January 11, 2010

That time Professor Friedman said "orthogonal."

David said...

Oh those droll Supremes.

JAL said...

All words and no play makes for dull decisions.

wv retlyin
redneck for red line

Supreme Court justices orthogonal to mathematicians

Angst said...

The Justices were actually Orthonormal

when Scalia said: "I think we should use that in the opinion,"

followed by

Flexo said...

Sounds like folks being too smart for their own good and, by their supposed brilliance, only spouting nonsense.

"Orthogonal," Friedman repeated, and then defined the word: "Right angle. Unrelated. Irrelevant."

However, "ortho-" -- as in orthodox -- is from the Greek meaning "straight, upright, correct." While "-gon" is from the Greek meaning "angled."

Thus, properly combining them would produce a "straight angle," which is, of course, an oxymoron.

It is true that one of the further meanings of "ortho" is "right," but "right" in the sense of "correct or straight," not "right" in the sense of direction.

"Orthogon" as a perpendicular right angle is a perversion of the word. But then again, he is a pointy-headed professor, and from U of M at that, so that is no surprise.

El Pollo Real said...

"Orthogonal" is a commonly used adjective in quantum mechanics used to distinguish to mathematical functions that have no spatial overlap, e.g., two p-orbitals on the same atom. Extending the concept to how Friedman used it is really no stretch: link.

wv: polke (original German spelling)

fizzymagic said...

"Orthogonal" is a commonly used adjective in quantum mechanics used to distinguish to mathematical functions that have no spatial overlap, e.g., two p-orbitals on the same atom.

No, "orthogonal" is a mathematical term used to describe two functions for which the inner product is zero. As it happens, some wavefunctions have that property, so that's why it is used in that context.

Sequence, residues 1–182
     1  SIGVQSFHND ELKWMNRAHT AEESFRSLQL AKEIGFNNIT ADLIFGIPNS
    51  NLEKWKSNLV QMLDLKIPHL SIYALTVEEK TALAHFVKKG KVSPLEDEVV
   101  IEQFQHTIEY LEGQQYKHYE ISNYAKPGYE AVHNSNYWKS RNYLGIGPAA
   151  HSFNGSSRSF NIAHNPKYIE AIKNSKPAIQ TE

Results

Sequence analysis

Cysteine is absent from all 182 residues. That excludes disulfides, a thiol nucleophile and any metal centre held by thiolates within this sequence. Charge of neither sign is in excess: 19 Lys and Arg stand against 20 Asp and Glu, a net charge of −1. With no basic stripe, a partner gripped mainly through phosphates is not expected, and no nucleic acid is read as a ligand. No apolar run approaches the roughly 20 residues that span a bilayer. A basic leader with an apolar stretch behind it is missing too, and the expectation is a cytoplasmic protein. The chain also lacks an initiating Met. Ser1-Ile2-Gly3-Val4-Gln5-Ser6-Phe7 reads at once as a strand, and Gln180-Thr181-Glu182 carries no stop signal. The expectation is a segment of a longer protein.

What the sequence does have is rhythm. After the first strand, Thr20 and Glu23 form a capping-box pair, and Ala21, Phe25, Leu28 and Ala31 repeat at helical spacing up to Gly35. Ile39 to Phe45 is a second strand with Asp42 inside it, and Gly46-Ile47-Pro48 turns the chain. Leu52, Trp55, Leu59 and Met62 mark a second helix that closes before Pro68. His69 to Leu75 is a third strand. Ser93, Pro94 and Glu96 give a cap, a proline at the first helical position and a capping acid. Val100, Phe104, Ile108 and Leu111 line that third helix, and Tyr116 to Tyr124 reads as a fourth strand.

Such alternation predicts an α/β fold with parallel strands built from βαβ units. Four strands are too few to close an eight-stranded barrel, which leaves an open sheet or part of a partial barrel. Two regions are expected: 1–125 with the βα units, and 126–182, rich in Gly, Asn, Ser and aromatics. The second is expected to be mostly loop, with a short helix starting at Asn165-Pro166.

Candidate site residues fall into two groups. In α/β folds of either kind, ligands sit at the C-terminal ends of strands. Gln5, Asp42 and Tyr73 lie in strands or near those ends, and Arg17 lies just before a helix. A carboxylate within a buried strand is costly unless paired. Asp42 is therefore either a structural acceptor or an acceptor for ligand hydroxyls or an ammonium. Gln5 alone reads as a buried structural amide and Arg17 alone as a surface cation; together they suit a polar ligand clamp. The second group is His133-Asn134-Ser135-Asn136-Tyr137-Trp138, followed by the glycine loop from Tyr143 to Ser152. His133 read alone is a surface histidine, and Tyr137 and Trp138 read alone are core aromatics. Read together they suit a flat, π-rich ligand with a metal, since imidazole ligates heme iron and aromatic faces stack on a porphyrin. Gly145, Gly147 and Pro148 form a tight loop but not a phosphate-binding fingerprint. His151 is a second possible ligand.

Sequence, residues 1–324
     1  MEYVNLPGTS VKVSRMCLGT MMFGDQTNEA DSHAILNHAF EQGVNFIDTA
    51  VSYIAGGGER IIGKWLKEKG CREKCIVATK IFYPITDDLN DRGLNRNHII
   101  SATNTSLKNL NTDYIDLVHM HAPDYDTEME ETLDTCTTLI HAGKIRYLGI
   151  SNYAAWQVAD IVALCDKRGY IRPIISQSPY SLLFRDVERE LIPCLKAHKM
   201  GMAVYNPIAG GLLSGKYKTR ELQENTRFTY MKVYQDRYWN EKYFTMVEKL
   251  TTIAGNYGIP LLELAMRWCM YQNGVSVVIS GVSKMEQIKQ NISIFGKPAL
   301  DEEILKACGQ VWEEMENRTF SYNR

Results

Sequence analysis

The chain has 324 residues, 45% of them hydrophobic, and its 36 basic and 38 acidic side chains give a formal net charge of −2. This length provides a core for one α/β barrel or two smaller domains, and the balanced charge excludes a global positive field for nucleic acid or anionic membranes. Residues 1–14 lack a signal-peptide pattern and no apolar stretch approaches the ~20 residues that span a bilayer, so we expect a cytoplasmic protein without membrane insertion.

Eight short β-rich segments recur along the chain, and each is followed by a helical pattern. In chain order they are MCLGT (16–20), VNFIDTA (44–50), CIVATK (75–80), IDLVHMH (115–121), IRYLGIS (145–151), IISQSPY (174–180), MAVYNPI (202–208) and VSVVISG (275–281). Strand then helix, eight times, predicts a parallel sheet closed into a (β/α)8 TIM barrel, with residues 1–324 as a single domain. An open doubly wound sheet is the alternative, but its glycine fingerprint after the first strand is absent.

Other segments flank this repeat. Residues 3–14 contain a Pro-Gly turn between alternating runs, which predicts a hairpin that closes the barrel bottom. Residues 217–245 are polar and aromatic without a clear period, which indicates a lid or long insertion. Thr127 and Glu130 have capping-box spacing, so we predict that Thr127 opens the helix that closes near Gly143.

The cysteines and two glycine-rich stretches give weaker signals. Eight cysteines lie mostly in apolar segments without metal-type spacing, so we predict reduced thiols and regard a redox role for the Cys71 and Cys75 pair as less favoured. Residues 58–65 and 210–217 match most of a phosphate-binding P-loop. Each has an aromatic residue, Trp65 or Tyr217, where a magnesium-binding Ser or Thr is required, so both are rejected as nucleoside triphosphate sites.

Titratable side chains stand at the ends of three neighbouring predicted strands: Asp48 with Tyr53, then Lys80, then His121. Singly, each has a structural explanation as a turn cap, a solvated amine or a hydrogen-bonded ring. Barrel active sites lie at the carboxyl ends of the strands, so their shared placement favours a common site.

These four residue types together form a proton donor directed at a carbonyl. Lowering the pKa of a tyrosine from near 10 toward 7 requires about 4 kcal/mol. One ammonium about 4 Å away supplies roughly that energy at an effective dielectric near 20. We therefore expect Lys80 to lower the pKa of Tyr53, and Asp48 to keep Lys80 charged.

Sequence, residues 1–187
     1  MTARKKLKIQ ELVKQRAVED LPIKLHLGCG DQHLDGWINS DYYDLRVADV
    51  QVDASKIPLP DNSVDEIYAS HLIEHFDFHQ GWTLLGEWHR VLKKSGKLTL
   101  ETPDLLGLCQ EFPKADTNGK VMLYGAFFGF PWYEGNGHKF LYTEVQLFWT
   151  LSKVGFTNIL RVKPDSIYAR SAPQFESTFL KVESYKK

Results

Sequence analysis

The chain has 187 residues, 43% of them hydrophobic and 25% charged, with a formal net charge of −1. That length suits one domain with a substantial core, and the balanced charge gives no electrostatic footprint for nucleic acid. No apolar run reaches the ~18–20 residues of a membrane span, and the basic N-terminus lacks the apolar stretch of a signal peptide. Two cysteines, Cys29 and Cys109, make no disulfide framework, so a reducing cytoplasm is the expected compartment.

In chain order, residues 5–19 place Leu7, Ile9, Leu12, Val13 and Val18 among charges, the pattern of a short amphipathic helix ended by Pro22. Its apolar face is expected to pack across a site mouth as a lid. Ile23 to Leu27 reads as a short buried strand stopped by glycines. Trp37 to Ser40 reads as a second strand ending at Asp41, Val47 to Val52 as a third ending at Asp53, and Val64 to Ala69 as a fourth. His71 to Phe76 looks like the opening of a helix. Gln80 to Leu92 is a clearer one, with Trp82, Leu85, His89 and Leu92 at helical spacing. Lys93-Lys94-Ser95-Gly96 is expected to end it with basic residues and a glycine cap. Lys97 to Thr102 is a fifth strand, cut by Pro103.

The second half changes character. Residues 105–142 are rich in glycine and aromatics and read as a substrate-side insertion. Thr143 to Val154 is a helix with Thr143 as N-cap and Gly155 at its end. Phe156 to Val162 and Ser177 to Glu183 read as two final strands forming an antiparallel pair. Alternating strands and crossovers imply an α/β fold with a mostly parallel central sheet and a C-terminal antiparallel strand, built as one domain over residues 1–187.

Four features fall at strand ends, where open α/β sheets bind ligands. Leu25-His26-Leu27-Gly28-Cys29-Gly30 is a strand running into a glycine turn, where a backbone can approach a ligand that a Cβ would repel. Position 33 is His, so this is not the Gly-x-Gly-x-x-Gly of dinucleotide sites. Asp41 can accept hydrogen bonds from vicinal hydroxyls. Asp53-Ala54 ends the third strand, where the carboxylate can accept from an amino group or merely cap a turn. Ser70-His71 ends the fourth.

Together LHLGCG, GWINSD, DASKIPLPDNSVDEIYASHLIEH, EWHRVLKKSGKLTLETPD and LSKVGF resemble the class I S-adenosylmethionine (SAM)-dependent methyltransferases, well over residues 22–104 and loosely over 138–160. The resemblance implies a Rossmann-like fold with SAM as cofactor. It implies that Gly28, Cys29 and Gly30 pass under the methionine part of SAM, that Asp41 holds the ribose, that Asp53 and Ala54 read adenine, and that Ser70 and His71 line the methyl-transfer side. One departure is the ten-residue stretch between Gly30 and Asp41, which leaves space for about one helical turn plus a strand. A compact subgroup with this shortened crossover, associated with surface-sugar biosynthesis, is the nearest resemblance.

I don't think of "orthogonal" as an unusual word at all; and physicists (of which I am one) and math geeks use it in the same context as Friedman did all the time. It's kind of in "in" joke.

rhhardin said...

I wonder how Friedman would use parameter.

That's the test of mathematical culture.

Iapetus said...

In mathematics, orthogonal is a synonym for perpendicular, which is the same as saying that the inner product (or dot product or scalar product, all of which is the same) is equal to zero. In a law context it might be equivalent to saying that something is not "on point," i.e., not applicable or dispositive regarding the matter at hand.

Seven Machos said...

The comments to the article itself are hilarious. Best one:

pavoreal wrote:
Every high school student ought to know what 'orthogonal' means. That a Supreme Court justice did not is an embarrassment

Bob_R said...

The basic concept is taught in standard sophomore vector calculus and differential equations courses. Standard fare for every science major. More evidence that Brooks' "educated class" is really a "poorly, but expensively educated class."

EDH said...

El Pollo Real said...

"Orthogonal" is a commonly used adjective in quantum mechanics used to distinguish to mathematical functions that have no spatial overlap, e.g., two p-orbitals on the same atom. Extending the concept to how Friedman used it is really no stretch.

Except didn't he invoke geometry, which uses orthogonal to describe a specific perpendicular relationship between vectors, to explain the term to the Supreme Court?

That's where I think the muddle is -- between his use and explanation of the term.

wv-"pring" = Titus' reaction were he to see Scott Brown campaigning in Cambridge

Largo said...

David Schwartz has an excellent explanation of "orthogonal" at The Volokh Conspiracy:

"Two issues are metaphorically ‘orthogonal’ if moving along one won’t change your position on the other, just as no amount of movement West or East will get you any further North."

AllenS said...

I once bought some ill-fitting shoes on the internets and my feet felt like they had been orthboxonal.